Demographic analysis of tree colonization in a 20-year-old right-of-way

Environ Manage. 2001 Dec;28(6):777-87. doi: 10.1007/s002670010261.


Past tree colonization dynamics of a powerline-right-of-way (ROW) corridor in the Haut-Saint-Laurent region of Quebec was studied based on the present age distribution of its tree populations. This colonization study spans 20 years, from 1977 (ROW clearance) to 1996. The sampled quadrats were classified into six vegetation types. Tree colonization dynamics were interpreted in each type, and three distinct patterns were identified. (1) Communities adapted to acidic conditions were heavily colonized by Acer rubrum, at least for the last 12 years. (2) Communities adapted to mesic or to hydric conditions were more intensely colonized in the period 1985-1987 than in the following 9 years; this past success in tree colonization may have been caused by herbicide treatments, which could have facilitated tree establishment by damaging the herbaceous and shrub vegetation. (3) Cattail, vine-raspberry, and reed-dominated communities contained few tree individuals, with almost all trees establishing between 1979 and 1990; those three vegetation types appear as the most resistant to tree invasion in the ROW studied. This study supports the need for an integrated approach in ROW vegetation management, in which the selection of vegetation treatment methods would depend on the tree colonization dynamics in each vegetation type. Minimizing disturbances inflicted on ROW herbaceous and shrub covers should be the central strategy because disturbances jeopardize natural resistance to future tree invasion, except in communities adapted to acidic conditions where the existing vegetation does not prevent invasion by A. rubrum. Many trees are surviving the successive cutting operations by producing new sprouts each time, particularly in communities adapted to mesic and hydric conditions. In these cases, mechanical cutting should be replaced by a one-time stump-killing operation, to avoid repeated and unsuccessful treatments of the same individuals over time.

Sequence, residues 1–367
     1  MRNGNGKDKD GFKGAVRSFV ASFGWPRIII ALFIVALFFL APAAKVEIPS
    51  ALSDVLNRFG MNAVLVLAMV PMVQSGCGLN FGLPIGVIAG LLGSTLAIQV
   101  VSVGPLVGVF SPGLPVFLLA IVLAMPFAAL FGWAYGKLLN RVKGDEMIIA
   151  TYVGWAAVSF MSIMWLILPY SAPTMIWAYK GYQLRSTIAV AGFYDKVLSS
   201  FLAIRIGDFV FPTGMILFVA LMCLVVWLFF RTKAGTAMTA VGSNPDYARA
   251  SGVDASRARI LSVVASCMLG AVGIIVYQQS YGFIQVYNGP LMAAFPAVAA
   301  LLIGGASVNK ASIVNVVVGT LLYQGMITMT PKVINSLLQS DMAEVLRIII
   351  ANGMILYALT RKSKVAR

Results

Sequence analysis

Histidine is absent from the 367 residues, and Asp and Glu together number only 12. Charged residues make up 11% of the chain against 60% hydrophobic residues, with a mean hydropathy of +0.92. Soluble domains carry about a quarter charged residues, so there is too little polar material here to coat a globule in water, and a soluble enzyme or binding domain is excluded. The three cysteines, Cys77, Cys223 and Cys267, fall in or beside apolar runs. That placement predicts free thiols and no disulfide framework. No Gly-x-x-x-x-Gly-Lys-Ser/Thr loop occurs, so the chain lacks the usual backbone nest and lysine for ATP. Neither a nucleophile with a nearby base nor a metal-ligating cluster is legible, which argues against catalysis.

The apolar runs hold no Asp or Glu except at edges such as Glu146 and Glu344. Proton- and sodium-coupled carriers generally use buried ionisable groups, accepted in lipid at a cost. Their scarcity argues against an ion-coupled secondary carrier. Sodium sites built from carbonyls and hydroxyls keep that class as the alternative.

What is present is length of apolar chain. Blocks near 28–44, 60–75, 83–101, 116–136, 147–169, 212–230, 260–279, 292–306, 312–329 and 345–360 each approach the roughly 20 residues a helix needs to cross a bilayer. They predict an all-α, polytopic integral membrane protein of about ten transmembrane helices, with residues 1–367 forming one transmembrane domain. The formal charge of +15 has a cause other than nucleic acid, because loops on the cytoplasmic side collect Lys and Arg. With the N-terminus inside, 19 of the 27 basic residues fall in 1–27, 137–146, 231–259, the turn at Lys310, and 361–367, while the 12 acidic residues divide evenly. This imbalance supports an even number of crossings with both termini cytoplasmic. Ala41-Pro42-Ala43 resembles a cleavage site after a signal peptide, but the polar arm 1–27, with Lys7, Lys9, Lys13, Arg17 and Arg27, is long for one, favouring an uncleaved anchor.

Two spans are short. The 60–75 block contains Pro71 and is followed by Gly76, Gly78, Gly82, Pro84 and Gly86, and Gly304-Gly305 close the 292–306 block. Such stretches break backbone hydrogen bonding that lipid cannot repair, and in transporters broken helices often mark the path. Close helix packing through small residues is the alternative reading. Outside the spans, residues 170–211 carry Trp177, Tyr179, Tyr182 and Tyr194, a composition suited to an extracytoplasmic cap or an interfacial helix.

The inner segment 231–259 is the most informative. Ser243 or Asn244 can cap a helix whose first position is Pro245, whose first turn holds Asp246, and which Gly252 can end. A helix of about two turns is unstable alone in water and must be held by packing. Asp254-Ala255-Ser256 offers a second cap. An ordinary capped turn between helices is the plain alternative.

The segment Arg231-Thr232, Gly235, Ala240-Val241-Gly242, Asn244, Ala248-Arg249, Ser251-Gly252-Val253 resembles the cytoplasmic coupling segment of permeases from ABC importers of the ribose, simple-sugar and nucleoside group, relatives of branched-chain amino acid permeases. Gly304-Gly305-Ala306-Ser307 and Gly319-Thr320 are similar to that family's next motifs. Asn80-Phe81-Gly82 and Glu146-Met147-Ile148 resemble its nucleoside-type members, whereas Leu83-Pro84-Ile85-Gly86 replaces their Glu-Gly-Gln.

Publication types

  • Research Support, Non-U.S. Gov't

MeSH terms

  • Conservation of Natural Resources*
  • Ecosystem
  • Electric Power Supplies
  • Forestry*
  • Herbicides
  • Population Dynamics
  • Trees / growth & development*


  • Herbicides